Tyrant flycatcher (Zoöl.), any one of numerous species of tyrants which have a flattened bill, toothed at the tip, and resemble the true flycatchers in habits. The Acadian flycatcher (Empidonax Acadicus) and the vermilion flycatcher (Pyrocephalus rubineus) are examples. -- Tyrant shrike (Zoöl.), any one of numerous species of American tyrants of the genus Tyrannus having a strong toothed bill and resembling the strikes in habits. The kingbird is an example.

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Tyrant

TY'RANT, noun [Latin tyrannus.]

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Keeping words and the meaning of those words the same. Not redefining what words mean.

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Word of the Day

importance

IMPORT'ANCE, n.

1. Weight; consequence; a bearing on some interest; that quality of any thing by which it may affect a measure, interest or result. The education of youth is of great importance to a free government. A religious education is of infinite importance to every human being.

2. Weight or consequence in the scale of being.

Thy own importance know.

Nor bound thy narrow views to things below.

3. Weight or consequence in self-estimation.

He believes himself a man of importance.

4. Thing implied; matter; subject; importunity. [In these senses, obsolete.]

Random Word

learn

LEARN, v.t. lern.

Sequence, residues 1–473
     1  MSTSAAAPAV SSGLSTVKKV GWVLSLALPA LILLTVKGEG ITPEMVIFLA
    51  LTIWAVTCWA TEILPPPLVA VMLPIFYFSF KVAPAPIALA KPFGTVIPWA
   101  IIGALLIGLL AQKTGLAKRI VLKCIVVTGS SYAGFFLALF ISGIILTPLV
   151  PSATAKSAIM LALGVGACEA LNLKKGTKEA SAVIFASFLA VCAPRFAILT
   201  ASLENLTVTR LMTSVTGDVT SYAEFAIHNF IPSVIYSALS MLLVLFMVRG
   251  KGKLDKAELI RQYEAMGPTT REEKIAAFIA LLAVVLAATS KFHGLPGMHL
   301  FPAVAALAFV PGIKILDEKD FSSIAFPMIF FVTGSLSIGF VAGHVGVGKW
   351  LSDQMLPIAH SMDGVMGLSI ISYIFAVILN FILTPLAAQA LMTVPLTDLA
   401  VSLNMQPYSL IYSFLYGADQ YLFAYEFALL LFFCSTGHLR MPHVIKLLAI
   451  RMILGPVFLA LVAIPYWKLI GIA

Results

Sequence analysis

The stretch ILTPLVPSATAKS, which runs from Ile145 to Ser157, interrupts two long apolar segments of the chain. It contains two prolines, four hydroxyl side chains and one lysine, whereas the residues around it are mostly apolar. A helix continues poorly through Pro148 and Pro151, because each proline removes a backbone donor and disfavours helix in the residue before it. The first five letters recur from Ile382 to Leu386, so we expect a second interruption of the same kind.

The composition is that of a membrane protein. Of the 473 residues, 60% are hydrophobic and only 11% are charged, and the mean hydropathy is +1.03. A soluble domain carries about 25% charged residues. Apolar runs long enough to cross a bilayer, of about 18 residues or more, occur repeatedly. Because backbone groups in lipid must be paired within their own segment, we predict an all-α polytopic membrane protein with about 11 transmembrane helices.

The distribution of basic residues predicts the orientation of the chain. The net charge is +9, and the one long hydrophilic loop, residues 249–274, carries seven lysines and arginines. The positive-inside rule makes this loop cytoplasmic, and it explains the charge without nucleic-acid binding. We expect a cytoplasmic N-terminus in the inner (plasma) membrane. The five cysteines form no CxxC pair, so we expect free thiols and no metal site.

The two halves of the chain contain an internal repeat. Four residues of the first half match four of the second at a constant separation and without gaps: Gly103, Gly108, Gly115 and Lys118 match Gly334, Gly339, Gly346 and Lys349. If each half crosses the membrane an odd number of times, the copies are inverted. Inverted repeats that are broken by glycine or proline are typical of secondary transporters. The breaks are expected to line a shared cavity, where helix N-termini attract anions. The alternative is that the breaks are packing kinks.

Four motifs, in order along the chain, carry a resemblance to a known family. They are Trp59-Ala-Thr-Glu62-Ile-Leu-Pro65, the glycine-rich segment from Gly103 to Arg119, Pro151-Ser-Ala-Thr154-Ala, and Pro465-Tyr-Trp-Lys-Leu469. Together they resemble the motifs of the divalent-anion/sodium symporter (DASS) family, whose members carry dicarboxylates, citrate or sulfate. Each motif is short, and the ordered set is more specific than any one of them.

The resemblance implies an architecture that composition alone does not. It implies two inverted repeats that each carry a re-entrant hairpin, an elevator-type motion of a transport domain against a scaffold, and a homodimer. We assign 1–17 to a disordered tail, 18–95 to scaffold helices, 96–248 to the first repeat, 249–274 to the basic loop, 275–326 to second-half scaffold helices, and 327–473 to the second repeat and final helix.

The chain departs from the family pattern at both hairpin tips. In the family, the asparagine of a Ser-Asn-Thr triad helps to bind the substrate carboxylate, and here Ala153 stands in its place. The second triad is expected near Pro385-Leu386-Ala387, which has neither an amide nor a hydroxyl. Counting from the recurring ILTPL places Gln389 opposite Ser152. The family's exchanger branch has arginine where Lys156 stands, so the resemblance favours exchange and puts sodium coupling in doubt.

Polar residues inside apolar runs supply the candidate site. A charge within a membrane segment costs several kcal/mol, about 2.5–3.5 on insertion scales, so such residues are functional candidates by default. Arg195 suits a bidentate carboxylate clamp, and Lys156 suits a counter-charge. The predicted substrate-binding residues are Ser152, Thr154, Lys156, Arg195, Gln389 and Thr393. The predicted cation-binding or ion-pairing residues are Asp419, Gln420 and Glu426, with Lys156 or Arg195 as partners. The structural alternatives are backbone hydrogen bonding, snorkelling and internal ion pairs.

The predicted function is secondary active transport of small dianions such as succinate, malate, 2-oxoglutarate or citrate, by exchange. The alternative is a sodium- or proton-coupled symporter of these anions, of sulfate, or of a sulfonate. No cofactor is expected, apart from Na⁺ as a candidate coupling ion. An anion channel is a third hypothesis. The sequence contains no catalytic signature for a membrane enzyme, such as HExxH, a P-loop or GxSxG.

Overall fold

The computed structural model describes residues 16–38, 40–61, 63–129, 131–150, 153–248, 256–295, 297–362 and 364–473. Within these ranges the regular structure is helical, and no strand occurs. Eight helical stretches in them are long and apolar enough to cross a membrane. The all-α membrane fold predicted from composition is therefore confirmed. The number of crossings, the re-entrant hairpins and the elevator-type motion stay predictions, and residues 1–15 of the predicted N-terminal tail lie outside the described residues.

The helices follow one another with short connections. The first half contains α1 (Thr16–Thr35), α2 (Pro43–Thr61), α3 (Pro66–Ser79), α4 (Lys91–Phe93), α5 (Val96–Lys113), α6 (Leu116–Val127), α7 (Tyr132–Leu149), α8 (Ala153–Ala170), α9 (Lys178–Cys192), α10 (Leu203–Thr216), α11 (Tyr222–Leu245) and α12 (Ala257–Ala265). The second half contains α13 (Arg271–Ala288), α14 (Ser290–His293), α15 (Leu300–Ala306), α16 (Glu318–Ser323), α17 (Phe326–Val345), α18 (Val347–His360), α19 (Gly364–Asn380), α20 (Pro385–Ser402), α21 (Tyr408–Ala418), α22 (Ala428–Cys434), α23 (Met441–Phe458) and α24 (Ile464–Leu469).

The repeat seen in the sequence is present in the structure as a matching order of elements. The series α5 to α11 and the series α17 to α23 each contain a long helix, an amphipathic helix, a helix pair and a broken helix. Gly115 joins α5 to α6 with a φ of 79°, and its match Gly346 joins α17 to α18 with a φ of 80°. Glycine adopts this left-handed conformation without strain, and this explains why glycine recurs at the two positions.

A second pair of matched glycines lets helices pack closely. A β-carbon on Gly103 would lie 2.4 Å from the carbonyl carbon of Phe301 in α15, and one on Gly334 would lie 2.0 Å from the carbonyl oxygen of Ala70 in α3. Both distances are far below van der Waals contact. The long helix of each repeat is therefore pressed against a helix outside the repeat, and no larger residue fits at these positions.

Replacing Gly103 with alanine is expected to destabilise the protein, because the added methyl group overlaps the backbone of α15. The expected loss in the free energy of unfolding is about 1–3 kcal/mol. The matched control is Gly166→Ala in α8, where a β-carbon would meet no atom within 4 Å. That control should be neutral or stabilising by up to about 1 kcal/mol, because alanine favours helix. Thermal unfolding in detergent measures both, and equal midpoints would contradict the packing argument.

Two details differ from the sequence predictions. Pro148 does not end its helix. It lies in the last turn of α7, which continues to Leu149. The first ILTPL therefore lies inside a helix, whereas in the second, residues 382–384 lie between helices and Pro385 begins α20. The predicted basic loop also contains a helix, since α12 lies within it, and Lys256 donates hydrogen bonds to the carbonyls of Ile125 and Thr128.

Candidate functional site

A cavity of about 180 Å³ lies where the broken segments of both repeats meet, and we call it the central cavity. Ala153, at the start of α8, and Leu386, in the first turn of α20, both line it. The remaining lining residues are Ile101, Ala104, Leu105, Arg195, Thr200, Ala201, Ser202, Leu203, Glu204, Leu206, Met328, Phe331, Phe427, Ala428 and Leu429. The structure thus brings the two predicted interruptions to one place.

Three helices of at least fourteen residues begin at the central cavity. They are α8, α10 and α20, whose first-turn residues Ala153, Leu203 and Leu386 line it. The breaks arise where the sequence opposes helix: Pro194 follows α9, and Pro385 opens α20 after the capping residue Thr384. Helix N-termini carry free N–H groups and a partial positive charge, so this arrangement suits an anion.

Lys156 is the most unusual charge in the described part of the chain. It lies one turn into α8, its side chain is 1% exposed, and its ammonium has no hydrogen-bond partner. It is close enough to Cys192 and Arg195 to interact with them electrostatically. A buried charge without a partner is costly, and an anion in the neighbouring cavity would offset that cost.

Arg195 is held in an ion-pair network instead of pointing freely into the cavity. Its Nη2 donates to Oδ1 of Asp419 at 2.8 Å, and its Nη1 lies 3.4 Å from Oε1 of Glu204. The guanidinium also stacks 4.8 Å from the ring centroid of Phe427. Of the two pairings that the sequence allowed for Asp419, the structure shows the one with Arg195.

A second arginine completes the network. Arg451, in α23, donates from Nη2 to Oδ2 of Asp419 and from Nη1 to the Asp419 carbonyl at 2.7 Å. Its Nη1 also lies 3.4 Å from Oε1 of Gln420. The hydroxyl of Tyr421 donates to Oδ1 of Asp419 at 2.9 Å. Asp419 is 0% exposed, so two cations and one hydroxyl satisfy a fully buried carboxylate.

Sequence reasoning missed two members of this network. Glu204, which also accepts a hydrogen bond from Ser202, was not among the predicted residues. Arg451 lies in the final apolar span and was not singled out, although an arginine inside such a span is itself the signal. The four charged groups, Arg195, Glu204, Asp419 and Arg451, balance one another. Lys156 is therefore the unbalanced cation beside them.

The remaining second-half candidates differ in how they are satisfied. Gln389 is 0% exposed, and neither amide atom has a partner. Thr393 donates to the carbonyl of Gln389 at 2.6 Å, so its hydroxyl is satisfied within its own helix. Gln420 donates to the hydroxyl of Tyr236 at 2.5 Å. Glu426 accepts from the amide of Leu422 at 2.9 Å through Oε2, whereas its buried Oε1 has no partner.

1. To gain knowledge of; to acquire knowledge or ideas of something before unknown. We learn the use of letters, the meaning of words and the principles of science. We learn things by instruction, by study, and by experience and observation. It is much easier to learn what is right, than to unlearn what is wrong.

Now learn a parable of the fig tree. Matt. 24.

2. To acquire skill in any thing; to gain by practice a faculty of performing; as, to learn to play on a flute or an organ.

The chief art of learning is to attempt but little at a time.

3. To teach; to communicate the knowledge of something before unknown.

Hast thou not learned me how to make perfumes?

[This use of learn, is found in respectable writers, but is now deemed inelegant as well as improper.

LEARN, v.i. lern.

1. To gain or receive knowledge; to receive instruction; to take pattern; with of.

Take my yoke upon you, and learn of me; for I am meek and lowly - Matt. 11.

2. To receive information or intelligence.

Noah's 1828 Dictionary

First dictionary of the American Language!

Noah Webster, the Father of American Christian education, wrote the first American dictionary and established a system of rules to govern spelling, grammar, and reading. This master linguist understood the power of words, their definitions, and the need for precise word usage in communication to maintain independence. Webster used the Bible as the foundation for his definitions.

This standard reference tool will greatly assist students of all ages in their studies.

No other dictionary compares with the Webster's 1828 dictionary. The English language has changed again and again and in many instances has become corrupt. The American Dictionary of the English Language is based upon God's written word, for Noah Webster used the Bible as the foundation for his definitions. This standard reference tool will greatly assist students of all ages in their studies. From American History to literature, from science to the Word of God, this dictionary is a necessity. For homeschoolers as well as avid Bible students it is easy, fast, and sophisticated.